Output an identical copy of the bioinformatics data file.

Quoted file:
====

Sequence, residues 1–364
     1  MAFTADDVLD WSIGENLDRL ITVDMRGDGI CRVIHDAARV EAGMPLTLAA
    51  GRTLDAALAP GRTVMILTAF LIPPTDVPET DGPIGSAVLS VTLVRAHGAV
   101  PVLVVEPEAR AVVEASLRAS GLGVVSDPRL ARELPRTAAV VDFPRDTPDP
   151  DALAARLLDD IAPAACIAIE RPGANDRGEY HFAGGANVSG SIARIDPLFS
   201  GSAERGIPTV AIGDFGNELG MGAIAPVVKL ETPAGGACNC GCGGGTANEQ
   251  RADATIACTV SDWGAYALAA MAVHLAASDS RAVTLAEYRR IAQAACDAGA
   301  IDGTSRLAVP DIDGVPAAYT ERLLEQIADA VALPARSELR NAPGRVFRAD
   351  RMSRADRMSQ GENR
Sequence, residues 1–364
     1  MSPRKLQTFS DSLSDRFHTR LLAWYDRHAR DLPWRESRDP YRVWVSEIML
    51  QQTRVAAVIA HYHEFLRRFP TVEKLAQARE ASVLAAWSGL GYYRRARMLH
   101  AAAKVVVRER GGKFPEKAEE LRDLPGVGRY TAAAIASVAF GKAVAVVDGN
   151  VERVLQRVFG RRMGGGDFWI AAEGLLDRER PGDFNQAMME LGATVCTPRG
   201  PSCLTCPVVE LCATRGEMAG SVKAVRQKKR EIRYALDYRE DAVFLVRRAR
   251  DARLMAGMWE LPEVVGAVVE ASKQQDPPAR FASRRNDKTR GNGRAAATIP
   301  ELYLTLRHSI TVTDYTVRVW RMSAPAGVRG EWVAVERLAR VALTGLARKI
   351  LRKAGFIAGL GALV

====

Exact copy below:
Sequence, residues 1–364
     1  MAFTADDVLD WSIGENLDRL ITVDMRGDGI CRVIHDAARV EAGMPLTLAA
    51  GRTLDAALAP GRTVMILTAF LIPPTDVPET DGPIGSAVLS VTLVRAHGAV
   101  PVLVVEPEAR AVVEASLRAS GLGVVSDPRL ARELPRTAAV VDFPRDTPDP
   151  DALAARLLDD IAPAACIAIE RPGANDRGEY HFAGGANVSG SIARIDPLFS
   201  GSAERGIPTV AIGDFGNELG MGAIAPVVKL ETPAGGACNC GCGGGTANEQ
   251  RADATIACTV SDWGAYALAA MAVHLAASDS RAVTLAEYRR IAQAACDAGA
   301  IDGTSRLAVP DIDGVPAAYT ERLLEQIADA VALPARSELR NAPGRVFRAD
   351  RMSRADRMSQ GENR
Sequence, residues 1–364
     1  MSPRKLQTFS DSLSDRFHTR LLAWYDRHAR DLPWRESRDP YRVWVSEIML
    51  QQTRVAAVIA HYHEFLRRFP TVEKLAQARE ASVLAAWSGL GYYRRARMLH
   101  AAAKVVVRER GGKFPEKAEE LRDLPGVGRY TAAAIASVAF GKAVAVVDGN
   151  VERVLQRVFG RRMGGGDFWI AAEGLLDRER PGDFNQAMME LGATVCTPRG
   201  PSCLTCPVVE LCATRGEMAG SVKAVRQKKR EIRYALDYRE DAVFLVRRAR
   251  DARLMAGMWE LPEVVGAVVE ASKQQDPPAR FASRRNDKTR GNGRAAATIP
   301  ELYLTLRHSI TVTDYTVRVW RMSAPAGVRG EWVAVERLAR VALTGLARKI
   351  LRKAGFIAGL GALV